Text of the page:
Genres: Historical Mystery, Medieval Mystery
When a corpse turns up at his favorite tavern, Crispin Guest—disgraced knight turned “Tracker”–begins an inquiry, but the dead man turns out to be a Templar knight, an order thought to be extinct for 75 years, charged with protecting a certain religious relic which is now missing. Before he can begin to investigate, Crispin is abducted by shadowy men who are said to be minions of the French anti-pope. Further complicating matters are two women: one from court with an enticing proposition, and another from Crispin’s past, dredging up long-forgotten emotions he would rather have left behind. And as if all that weren’t enough, a cunning young cutpurse by the name of Jack Tucker has insinuated himself into Crispin’s already difficult life. The deeper Crispin probes into the murder, the more it looks like the handiwork of an old friend turned adversary. With enemies from all sides, Crispin has his hands full in more than murder in this intriguing prequel to the acclaimed series.
See the book trailer on Youtube
“I have not deceived you as to my nature, Master Guest. I am all you see. Deceitful, hungry, pugnacious, greedy. Qualities found in most knights in most courts, wouldn’t you say? I am not like the precious Templars. Their deceit is couched in the odor of sanctity, wrapped in the mantle of piety, and sanctioned by well-wishers everywhere. The Templars want nothing more than to rule and dominate and they use goodhearted dupes such as you to accomplish their goals. But do not take my word for it. Discover for yourself the character of Gaston D’Arcy. Why don’t you ask Lady Stancliff?”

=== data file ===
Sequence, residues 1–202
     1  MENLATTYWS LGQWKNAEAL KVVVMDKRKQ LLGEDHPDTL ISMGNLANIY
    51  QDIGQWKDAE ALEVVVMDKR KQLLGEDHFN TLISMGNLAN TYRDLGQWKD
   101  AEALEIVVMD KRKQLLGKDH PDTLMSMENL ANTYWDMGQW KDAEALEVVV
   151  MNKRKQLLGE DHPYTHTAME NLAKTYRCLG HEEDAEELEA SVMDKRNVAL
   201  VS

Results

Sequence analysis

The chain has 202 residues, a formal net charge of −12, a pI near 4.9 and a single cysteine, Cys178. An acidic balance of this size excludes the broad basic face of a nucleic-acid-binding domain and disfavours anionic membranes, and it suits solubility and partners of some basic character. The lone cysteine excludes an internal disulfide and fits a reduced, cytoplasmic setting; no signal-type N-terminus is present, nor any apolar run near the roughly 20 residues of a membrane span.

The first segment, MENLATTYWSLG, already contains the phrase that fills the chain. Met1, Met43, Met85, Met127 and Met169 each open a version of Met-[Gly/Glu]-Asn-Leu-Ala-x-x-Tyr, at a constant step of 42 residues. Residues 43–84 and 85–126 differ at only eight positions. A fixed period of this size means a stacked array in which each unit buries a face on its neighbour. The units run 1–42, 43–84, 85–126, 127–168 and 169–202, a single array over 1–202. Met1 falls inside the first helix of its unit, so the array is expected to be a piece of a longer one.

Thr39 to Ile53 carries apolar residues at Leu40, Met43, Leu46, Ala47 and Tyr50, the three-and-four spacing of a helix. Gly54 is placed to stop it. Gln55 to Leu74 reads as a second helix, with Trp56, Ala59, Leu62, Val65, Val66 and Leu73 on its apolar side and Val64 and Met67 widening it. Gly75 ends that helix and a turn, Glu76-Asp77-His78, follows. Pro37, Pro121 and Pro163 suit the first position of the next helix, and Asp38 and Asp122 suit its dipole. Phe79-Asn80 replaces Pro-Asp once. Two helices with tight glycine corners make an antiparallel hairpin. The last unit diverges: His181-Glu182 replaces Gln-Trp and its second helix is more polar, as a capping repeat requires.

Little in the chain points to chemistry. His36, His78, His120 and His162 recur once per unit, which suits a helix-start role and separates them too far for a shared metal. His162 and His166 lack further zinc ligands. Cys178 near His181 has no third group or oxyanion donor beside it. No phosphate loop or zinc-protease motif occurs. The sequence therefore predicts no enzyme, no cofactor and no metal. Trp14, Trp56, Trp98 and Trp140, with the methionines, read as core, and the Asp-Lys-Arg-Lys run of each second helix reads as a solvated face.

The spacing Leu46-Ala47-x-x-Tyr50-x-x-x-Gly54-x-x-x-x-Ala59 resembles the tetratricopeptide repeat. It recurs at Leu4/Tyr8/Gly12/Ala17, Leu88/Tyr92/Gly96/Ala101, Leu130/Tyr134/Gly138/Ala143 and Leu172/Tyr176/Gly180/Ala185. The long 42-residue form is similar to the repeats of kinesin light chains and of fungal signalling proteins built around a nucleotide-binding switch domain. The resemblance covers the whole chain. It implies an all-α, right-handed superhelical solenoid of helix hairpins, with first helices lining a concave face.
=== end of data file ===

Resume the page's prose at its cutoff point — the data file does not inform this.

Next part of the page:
Crispin’s face remained neutral. The chair settled on all four legs again. “Lady Stancliff?”
“You know the lady in question. My operatives tell me that you know her…very well indeed.”
“I warn you. Do not delve into my privacy.”
“Privacy? For such a public lady? A lady whose indiscretions span the court? Ask her what she had to do with the pious Gaston D’Arcy. Ask her. Then ask her about Stephen St Albans. There are more paramours, but we do not have that much time.” He chuckled but there was little mirth behind it. “Perhaps the lady knows the grail’s whereabouts.”
Crispin’s strained fingers clutched his knees. Her vulnerability did seem a little too studied, a little too convenient. He suddenly felt the fool.
“Mon Dieu!” De Marcherne laughed. “I did not burst any bubbles, did I? You are not in love with her, are you?”
“I am under no delusions as concerns Lady Stancliff.”
“Good. Then I suggest you ask her about the grail. Or would you rather I ask her?”
A chill ran down Crispin’s spine. Wily she may be, but he did not relish the thought of Vivienne enduring de Marcherne’s kind of query.
“What say you, Crispin? Make a pact with me to find the grail? I will make it worth your while.”
“I am already being paid to find it.”